Your organization Kuma International is based in Sarajevo, however, you have collaborated with artist and curators from many other cities across the country including Irfan Hošić from Bihać and Mladen Miljanović from Banja Luka for example. Can you tell us a bit more about some of those collaborations? Why do you think it might be important to establish a creative network among different cities in the country?
I love collaborations, working in different cities, environments. I am blessed with great colleagues and friends from all over the country. As soon as I have the occasion to work and connect with them, I take it. We’ve known each other for many years now, we worked together during several occasions and projects, in Italy too. I see people like Irfan and Mladen as driving forces. They inspire me daily. I never hear them complaining about all the challenges that this country is facing. And when they do talk about challenges, it is always because they already have a plan to overcome them. That is one of the many reasons why I like to work with them. Bosnia and Herzegovina is such a small country, which should make it easier for people to establish strong networks and collaborations. The most interesting projects flourish when people collaborate, get to know each other, exchange ideas and perspectives. It would be extremely boring for me to only work in the same place, with the same people.
What drew you to contemporary art of Bosnia and Herzegovina? Where did the enthralment begin and how did it subsequently unfold?
By chance. In 2008 my mother told me about the opening of a collective exhibition with artists from Bosnia in Trento, my hometown in Italy. At that time, I was a MA student at the University of Venice, studying contemporary art, with no previous knowledge about Bosnia. I will never forget that exhibition, and the artists I met there, some of them are still very good friends of mine, we work together sometimes. I think it was such a great experience for me because I am very curious person, and I love to meet new people, learn about places different from mine. Those artists were my age at that time, they were full of enthusiasm, they wanted to tell me about the art scene in Bosnia and learn about the art scene in Italy. They also wanted me to get involved in the art magazine they were developing; they were interested in a collaboration. We spent days talking and discussing about art, those are some of the best conversations I remember. I am not sure how we communicated, as my English, and theirs, at that time wasn’t perfect, to say the least. But we understood each other so easily. So much so that they invited me to Bosnia for New Year’s Eve a few months after. That was my first trip to the country, one of many others. In the summer of next year, I had the honor to co-curate a collective exhibition in Verona, Italy, called The Imaginary Pavilion of BiH together with Slovenian curator Aurora Fonda. One of the projects I am most fond of. Subsequently, I worked on many other exhibitions with Bosnian artists, I was involved in the organization of the Bosnian pavilion in 2013 I wrote a PhD about contemporary art from Bosnia and was one of the curators of the Bosnian pavilion in 2019.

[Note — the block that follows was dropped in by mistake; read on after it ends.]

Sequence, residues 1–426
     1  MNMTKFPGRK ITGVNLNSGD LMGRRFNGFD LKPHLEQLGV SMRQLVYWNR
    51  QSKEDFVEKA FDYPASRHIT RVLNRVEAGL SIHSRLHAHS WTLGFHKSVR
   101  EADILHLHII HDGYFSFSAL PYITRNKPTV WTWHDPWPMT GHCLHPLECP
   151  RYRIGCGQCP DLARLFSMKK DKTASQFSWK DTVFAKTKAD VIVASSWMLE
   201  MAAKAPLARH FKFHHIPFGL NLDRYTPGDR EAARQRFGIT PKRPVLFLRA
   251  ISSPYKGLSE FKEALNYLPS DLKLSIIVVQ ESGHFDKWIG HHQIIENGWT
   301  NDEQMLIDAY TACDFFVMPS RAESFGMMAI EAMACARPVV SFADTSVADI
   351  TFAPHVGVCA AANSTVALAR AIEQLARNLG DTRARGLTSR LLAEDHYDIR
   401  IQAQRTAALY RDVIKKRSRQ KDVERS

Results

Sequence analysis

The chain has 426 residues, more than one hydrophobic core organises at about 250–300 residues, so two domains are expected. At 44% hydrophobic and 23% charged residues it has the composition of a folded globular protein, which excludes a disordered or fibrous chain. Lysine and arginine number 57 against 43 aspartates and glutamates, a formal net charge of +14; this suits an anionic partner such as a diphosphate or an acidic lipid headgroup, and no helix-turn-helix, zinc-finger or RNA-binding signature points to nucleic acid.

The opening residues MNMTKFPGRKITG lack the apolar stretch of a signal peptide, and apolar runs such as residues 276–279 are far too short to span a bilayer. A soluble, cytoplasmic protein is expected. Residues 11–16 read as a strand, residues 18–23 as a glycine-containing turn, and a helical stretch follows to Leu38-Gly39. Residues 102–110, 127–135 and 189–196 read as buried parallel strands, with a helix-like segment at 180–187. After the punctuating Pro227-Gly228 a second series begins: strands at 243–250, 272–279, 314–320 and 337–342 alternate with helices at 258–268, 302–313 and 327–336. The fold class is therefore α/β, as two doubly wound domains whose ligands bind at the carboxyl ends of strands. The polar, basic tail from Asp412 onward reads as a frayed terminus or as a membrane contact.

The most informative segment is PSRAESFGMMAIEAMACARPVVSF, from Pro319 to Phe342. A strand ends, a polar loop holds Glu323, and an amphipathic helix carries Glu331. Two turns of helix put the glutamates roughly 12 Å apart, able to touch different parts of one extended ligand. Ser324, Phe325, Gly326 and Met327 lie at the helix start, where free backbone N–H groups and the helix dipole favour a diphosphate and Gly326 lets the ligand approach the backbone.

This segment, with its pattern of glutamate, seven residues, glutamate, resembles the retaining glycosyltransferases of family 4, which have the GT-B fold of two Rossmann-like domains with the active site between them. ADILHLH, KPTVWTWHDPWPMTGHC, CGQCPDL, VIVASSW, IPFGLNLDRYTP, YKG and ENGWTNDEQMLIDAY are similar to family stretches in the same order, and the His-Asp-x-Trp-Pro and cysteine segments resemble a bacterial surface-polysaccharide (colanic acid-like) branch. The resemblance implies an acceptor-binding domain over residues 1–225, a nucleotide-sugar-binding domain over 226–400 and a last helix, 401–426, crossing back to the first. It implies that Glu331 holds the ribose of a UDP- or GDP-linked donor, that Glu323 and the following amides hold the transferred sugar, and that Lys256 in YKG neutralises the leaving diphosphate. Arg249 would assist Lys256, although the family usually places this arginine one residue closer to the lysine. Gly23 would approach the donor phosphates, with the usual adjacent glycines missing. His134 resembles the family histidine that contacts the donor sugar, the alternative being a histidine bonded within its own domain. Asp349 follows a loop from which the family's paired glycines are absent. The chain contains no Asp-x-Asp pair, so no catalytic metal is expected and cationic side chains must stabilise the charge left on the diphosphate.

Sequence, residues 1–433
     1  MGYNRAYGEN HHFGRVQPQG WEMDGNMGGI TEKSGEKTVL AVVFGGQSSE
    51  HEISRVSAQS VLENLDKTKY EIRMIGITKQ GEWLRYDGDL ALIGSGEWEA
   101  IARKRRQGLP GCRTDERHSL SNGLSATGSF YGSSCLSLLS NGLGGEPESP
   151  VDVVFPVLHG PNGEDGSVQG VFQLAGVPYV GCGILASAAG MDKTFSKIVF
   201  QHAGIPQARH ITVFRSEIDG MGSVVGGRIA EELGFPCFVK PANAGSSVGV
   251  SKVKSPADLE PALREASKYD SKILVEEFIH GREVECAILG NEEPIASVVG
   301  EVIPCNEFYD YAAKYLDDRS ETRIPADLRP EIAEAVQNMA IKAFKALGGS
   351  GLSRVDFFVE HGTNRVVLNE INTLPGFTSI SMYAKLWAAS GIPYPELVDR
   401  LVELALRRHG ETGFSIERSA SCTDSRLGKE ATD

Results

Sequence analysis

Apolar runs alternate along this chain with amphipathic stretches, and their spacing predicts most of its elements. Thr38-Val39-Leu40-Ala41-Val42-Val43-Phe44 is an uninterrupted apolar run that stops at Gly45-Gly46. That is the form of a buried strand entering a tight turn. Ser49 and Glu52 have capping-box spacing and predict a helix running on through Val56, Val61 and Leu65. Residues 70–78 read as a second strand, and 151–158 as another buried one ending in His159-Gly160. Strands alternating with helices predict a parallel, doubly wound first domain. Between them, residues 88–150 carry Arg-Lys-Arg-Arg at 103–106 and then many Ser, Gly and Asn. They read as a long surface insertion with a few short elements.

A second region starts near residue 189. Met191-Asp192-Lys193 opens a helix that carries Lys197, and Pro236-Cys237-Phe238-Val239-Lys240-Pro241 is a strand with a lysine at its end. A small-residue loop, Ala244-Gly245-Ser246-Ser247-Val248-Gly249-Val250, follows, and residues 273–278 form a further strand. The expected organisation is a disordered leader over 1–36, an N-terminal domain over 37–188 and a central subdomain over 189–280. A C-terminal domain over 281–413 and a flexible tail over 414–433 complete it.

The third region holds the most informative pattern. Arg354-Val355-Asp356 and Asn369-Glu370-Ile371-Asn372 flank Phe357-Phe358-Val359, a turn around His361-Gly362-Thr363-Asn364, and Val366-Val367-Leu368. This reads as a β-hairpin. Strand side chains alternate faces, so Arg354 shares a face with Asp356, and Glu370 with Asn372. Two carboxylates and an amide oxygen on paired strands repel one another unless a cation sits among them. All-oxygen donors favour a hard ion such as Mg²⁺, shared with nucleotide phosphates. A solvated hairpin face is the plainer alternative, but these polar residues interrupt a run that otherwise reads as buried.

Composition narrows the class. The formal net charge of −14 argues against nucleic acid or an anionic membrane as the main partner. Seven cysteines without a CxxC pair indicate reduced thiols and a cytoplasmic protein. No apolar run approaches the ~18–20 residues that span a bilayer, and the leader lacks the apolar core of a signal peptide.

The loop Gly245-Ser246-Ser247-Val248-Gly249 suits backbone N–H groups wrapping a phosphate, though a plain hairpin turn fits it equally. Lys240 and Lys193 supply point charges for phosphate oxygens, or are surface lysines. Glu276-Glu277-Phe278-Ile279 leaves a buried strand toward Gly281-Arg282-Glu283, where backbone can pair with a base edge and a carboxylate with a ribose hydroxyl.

What is your experience with Bosnian and Herzegovinian diaspora artists and their relationship to its contemporary art scene?